In 2002 I was shown seven slides proposing to start a Breakthrough program in Austin, and agreed to provide seed funding. Later that year the first cohort, of 40 students, was admitted into the program.
Breakthrough Central Texas, as it is now called, currently serves 1500 students and is on a path to serving more than 2000.
Yesterday, this happened: (we got our own sign on the building!)
The Webber Family Foundation makes grants to 501(c)(3) organizations focused on education. We started with a broad definition of “education” but that quickly led to a problem: too many organizations competing for a limited grant budget. Even after filtering out “bad” requests, and selecting for “best in class”, the aggregate amount requested was often four times (or more) the size of our overall grant making budget.
At that point the decision process became essentially random. For every grant we approved there were three other grants we denied, with no really good reason for denying them. They met all our criteria. They were best in class organizations. There was nothing wrong with them other than simple arithmetic: we didn’t have enough money. This felt unfair to grant seekers; we put them (and our staff) through all the work to get to that point and then said no to 75% of them for no reason they could control.
To fix that, we narrowed our focus to some very specific areas of the education universe, which in effect ruled out many programs in advance and reduced the pool of requests to a size that better matched our available budget. This ended the oversubscription problem but of course sent many generally good and deserving educational organizations into exile from our Foundation.
I wanted to find some way to still allow for the occasional grant in education areas outside our narrow focus but without reintroducing the “oversubscription leads to random decision making” problem. My solution? Explicitly random decision making!
It works like this: Of course we still allocate the bulk of our grant making budget to our standard, deliberate, detailed decision process. But we set aside a smaller piece of the pie for something we call Random Grants. In applying for a Random Grant an organization only writes a one-paragraph description telling us what they would do with the money. They can send it in by email. That’s it; almost anything (educational) goes. Occasionally staff will have a question or two and follow up with the Random Grant applicant but usually just the one-paragraph request is all we go by (the most common follow-up would be to see the IRS determination letter if we aren’t already certain of the organization’s 501c3 status). Random Grant request sizes can be any amount up to $10K.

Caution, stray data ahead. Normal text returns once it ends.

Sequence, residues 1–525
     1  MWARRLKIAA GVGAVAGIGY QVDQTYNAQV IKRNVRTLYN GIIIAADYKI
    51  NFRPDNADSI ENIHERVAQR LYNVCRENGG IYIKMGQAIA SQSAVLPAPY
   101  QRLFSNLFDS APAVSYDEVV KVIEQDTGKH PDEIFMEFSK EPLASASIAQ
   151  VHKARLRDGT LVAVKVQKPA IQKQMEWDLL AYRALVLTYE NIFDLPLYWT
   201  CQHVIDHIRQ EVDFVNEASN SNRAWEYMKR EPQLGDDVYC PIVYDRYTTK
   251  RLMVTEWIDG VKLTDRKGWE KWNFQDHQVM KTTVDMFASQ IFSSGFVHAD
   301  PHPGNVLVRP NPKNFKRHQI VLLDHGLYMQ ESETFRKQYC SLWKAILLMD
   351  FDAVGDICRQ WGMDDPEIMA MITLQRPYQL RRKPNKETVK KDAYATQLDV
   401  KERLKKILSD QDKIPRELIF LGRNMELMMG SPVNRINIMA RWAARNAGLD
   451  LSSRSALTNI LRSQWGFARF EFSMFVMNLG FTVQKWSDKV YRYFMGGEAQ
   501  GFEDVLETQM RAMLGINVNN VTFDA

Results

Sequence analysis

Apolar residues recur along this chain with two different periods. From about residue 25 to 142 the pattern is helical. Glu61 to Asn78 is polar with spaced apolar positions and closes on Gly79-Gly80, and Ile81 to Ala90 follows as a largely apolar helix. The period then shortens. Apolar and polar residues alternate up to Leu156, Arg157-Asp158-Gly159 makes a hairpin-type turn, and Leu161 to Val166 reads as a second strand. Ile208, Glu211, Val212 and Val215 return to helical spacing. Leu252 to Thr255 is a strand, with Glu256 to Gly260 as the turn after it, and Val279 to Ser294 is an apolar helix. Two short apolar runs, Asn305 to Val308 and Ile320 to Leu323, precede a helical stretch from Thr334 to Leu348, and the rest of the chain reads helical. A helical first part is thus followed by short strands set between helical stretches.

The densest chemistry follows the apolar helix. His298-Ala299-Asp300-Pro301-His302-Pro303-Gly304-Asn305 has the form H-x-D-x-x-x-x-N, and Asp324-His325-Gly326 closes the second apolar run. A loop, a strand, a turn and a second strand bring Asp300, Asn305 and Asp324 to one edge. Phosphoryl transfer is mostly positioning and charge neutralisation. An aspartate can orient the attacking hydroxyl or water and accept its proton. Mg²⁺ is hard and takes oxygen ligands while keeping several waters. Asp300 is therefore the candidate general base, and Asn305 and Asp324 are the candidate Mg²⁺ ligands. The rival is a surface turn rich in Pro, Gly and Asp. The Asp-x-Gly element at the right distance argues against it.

We accumulate the Random Grant requests and twice a year, at a Board meeting, we award them… RANDOMLY!
It works like this: Staff briefly reviews each request with the Board so that Board members may object to any particular request if they feel there is something amiss. In practice no request has ever yet been thrown out this way. Then staff numbers the requests 1 through N; this time around we had eight requests so they were numbered 1 through 8.
I then go to www.random.org which, conveniently, has a random number generation interface right on its home page:
In the above capture I have already filled in the Min/Max with 1 and 8 as we had eight requests this time. Then while everyone watches I push the GENERATE button and whichever number comes up becomes the first Random Grant that we approve. It’s just exactly that simple!
So, yes, the Random Grant is usually quite oversubscribed, and, yes, that makes the decisions random. In fact they are explicitly random!
If we have more money left in the budget after awarding one Random Grant we do the process again, but this time only including any remaining grants that “fit” within the remaining dollars. We keep doing that until the amount of money left is less than any of the Random Grant requests. This method provides some incentive for organizations to not necessarily ask us for the maximum amount we allow in this process ($10K) because smaller requests will usually get multiple chances to win a grant.
Since the inception of this concept in 2012 we have made $198,500 of Random Grants. The feedback we’ve gotten from applicants has been positive. Of course how could it not be – it gives them a chance to compete for grant money they otherwise wouldn’t even have a shot at, and it’s a simple, lightweight process with an easily-understood yes/no mechanism.
To prevent the list of grant requests from continuously increasing over time we have a rule that once you apply, whether you win or lose, you cannot apply again for two more Random Grant cycles (which means approximately one year since we do this twice a year). That helps keep the applicant list size under control and also allows a wider variety of organizations to have a decent shot.
It’s probably not for everyone, but I do encourage other grant making organizations to consider this as a way to allow for some amount of “outside the lines” grants. I can understand an objection that if you believe your grant making criteria are good criteria, extending them randomly makes no sense. My counter would be that no criteria are ever perfect; thus I think having some nominal amount of random variance in the grant portfolio is a good idea.